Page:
American Cell Phone Use and "Unwanted" Interactions
Pew’s new study Americans and Their Cell Phones puts numbers to some of the things we’re all wondering about. Reminiscent of the great work done by The Gregory Brothers, Winning - A Song by Charlie Sheen, and the winning line “Pretending to Text to Avoid Someone”, Pew tells us that
“Cell phones can help prevent unwanted personal interactions – 13% of cell owners pretended to be using their phone in order to avoid interacting with the people around them.”
We also learn that
Cell phones are useful for quick information retrieval (so much so that their absence can cause problems) – Half of all adult cell owners (51%) had used their phone at least once to get information they needed right away. One quarter (27%) said that they experienced a situation in the previous month in which they had trouble doing something because they did not have their phone at hand.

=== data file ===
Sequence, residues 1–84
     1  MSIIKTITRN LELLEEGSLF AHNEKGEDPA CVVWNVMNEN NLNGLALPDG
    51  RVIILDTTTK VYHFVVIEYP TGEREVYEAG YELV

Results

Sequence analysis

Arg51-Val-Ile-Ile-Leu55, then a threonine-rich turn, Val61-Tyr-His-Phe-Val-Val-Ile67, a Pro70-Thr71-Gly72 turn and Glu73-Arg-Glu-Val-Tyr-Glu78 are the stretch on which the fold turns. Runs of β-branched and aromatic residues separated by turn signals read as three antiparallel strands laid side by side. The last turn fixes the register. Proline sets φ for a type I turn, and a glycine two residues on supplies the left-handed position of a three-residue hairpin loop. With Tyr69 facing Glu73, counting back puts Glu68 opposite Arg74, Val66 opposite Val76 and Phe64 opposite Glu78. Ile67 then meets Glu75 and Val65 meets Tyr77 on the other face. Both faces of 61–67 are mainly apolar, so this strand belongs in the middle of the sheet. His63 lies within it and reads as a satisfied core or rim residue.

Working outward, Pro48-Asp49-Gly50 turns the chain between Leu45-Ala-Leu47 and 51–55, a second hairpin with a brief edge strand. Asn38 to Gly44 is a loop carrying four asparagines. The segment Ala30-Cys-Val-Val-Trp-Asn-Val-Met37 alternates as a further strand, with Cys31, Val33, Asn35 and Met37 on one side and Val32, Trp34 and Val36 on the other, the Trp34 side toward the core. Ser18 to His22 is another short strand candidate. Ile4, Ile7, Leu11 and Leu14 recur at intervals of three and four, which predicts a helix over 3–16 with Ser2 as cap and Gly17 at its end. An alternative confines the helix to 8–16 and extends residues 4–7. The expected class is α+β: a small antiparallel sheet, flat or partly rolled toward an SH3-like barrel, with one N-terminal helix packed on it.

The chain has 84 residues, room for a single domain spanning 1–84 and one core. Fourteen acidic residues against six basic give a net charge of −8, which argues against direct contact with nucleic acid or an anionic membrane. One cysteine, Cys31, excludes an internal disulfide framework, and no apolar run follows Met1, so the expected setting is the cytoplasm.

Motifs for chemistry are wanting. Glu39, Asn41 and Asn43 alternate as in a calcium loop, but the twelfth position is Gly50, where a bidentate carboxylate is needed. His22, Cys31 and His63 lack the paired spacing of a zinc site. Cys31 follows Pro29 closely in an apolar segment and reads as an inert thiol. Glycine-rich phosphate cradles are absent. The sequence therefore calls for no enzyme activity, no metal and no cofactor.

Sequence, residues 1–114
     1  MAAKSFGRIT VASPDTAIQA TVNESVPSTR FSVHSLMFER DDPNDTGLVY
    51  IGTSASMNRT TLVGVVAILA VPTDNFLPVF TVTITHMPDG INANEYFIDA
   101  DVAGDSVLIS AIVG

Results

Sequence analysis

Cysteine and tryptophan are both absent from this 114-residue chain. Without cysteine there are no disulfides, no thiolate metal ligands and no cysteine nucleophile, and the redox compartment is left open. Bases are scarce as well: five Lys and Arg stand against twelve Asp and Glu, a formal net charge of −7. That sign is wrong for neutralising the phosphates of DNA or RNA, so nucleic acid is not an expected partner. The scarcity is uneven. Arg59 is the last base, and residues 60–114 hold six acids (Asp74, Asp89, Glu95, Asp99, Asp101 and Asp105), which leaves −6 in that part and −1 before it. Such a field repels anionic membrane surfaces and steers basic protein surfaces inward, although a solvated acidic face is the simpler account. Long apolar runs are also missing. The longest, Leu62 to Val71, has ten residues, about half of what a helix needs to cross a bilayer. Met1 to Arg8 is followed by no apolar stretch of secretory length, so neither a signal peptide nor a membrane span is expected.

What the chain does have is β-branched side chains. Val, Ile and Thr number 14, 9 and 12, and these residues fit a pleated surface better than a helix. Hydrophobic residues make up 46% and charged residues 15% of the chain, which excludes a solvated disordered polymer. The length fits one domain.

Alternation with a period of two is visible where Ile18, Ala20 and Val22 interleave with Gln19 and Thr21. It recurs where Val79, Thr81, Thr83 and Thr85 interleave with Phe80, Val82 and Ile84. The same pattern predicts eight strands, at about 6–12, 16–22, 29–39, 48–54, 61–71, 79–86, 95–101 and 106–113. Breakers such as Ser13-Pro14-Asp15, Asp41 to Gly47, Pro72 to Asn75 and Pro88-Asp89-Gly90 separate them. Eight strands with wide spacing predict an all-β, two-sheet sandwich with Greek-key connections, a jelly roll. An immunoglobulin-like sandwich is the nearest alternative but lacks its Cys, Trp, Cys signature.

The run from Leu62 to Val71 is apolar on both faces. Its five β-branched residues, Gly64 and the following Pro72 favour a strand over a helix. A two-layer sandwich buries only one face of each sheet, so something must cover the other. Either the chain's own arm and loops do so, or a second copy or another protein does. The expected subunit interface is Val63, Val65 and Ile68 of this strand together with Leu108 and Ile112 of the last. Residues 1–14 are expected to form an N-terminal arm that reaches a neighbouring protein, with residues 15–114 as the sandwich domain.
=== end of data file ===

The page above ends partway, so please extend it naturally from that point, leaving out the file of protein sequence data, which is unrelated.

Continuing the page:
Text messaging and picture taking continue to top the list of ways that Americans use their mobile phones—three quarters of all cell owners (73%) use their phones for each of these purposes.
Without pay phones and easy ways to gather what should be freely available information, absent kiosks with maps or even, perhaps, police officers and other civil servants in plain view, it’s clear that people are becoming more dependent on their cell phones for critical information.
And no doubt service providers are excited to learn about the upswing in texting, since most all plans in the U.S. charge for both sending and receiving text messages… ca-ching!